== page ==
Pound was always a really big fan of the big cats: tigers, panthers, lynxes—you name it. And one of the reasons he likes big cats so much is because they're traditionally associated with Dionysius, the Greek god of wine and fertility. In fact, the old myths say that Dionysius even had panthers pulling his chariot instead of horses. For Pound, the big cats are a suitable image for his idea of beauty, since they are graceful and visually stunning, but also extremely dangerous and powerful. This is the idea of beauty that Pound thinks we've lost in the modern age, and he hopes that, by reconnecting with the history of western literature, we'll be able to get it back.
Lines 71-74: By this point, the sailors who've kidnapped the disguised god Dionysius know that there's something weird going on, because their ship has been lifted out of the sea by giant vines. We can tell that the god is starting to gather power now, because, before we know it, we're hearing "Out of nothing, a breathing" (71) that hits the speaker of the poem "on my ankles" (72). At first, the speaker can't make out what's in the darkness, since all he sees is (in a simile) "Beasts like shadows in glass" (73) and "a furred tail upon nothingness" (74), which tells us that these big cats are appearing out of thin air.
Lines 75-78: In line 75, we hear that the first cat the speaker identifies is a "Lynx" by its purr (75). Instead of the usual "tar smell" (76) of the boat, the speaker can detect the "heathery smell" (75) of the big cats, meaning that these cats are connected to the Dionysian world of plants (heather is a type of plant). But the speaker still can't see the cats clearly, as all he catches is "eye-glitter out of black air" (78). Spooky.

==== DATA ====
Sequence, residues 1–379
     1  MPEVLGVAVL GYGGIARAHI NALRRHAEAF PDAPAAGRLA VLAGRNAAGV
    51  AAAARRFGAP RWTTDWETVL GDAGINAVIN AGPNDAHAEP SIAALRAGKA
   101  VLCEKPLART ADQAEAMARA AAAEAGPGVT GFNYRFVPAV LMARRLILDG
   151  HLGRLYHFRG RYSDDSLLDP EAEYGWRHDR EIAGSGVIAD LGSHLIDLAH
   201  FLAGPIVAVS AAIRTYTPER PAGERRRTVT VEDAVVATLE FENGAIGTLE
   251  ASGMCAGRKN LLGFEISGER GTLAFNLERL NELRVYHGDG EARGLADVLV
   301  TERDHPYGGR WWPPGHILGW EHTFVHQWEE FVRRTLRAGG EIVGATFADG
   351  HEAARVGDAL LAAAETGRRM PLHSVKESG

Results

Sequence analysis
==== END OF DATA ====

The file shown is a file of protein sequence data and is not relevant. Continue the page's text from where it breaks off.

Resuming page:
Lines 80-81: In these lines, the speaker can feel the cats getting closer, as he can feel "fur brushing my knee-skin" (81).
Lines 88-89: Pound wants to stress how Dionysius can summon his big cats out of thin air, saying that the cats are like fur gathering around empty space, or "void air taking pelt" (88).
Lines 90-01: By this point, we realize that the cats aren't terribly concerned about the crew on the ship, as long as they don't mess with Dionysius anymore. Pound conveys this sense of calm by talking about the "feline leisure of panthers" (90) and the "Leopards sniffing the grape shoots" (91). Again, we see the big cats guarding Dionysius without having to do anything. Anyone who's ever seen a panther knows enough not to mess with it in the first place.
Lines 96-99: Finally, Dionysius says that he knows Acoetes tried to stop the other men from kidnapping Dionysius. For this reason, Dionysius promises Acoetes that he doesn't need to fear any "cat of the wood" (97) since he'll be "Safe with [the] lynxes" (98) and will be happy "feeding grapes to [the] leopards" (99). We don't know about you, but that sounds like a fun way to spend an afternoon to us.